Alexander the Great VLCC

The 297,958 MT VLCC, Alexander the Great, built by Universal Shipbuilding in 2010. Image: Capital Ship Management

There are a few headlines going around today in some major publications and by the Associated Press claiming that China has announced plans to build 50 supertankers.

That’s five zero.  Or in terms of capacity, 100 million barrels of additional capacity to the world oil market.

Right now, on the commercial (aka non-Communist) market, these same tankers are losing over $1,000 per day due to the fact that there are too many of them floating around, and the price of bunker fuel is costing shipowners a fortune.

We are in a downturn however, and as we all know, the shipping industry is highly cyclical and these 50 supertankers won’t be built overnight, in fact it’ll take years to build that many ships (and engines, and everything else that goes into a ship).

For Chinese shipbuilders, that’s a good thing because life really sucks for them right now.  Rongsheng Heavy Industries, for example, has lost nearly 90 percent of its market value over the past two and a half years.  China Shipbuilding Industry’s stock, which is traded on the Shanghai exchange, has fallen over 28 percent in the past year and Hong Kong-traded, China Ocean Shipbuilding Industry Co. has fallen more than 44 percent.

It’s a precarious situation all around because according to reports from unidentified sources, factors that might spur such a huge order are market demand, company resources, and the costs involved.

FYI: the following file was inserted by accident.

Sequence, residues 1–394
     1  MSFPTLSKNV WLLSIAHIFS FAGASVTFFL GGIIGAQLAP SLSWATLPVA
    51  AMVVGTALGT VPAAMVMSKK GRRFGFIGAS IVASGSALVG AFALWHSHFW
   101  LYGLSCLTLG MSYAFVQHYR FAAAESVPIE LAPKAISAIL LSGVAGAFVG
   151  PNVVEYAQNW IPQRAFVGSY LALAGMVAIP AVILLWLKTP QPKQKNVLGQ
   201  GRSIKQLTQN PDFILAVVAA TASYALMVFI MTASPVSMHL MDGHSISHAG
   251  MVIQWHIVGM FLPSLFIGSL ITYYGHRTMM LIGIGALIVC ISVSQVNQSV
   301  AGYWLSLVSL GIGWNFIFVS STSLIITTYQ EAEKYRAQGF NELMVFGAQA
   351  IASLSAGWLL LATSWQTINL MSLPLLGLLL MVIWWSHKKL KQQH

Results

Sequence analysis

Does anyone predict a market demand increase that might warrant such an order?  Anyone at all?

If we were talking about LNG ships, that’s one thing, but crude oil?  If there was such a need for crude oil, why wouldn’t China throw that money into offshore drilling rigs and production facilities and run pipelines or use FPSOs an shuttle tankers?

There are number of other companies who have plans to build large product tankers, but that’s primarily to keep up with developing market demand and new environmental regulations, while at the same time replacing older ships scheduled for demolition.

An order for 50 new VLCCs, by a communist country, does not appear to be one based on market economics.  In fact, it’s hard to see how an order such as this could do anything other than destroy the commercial market.

Personally, I don’t believe it’s true.

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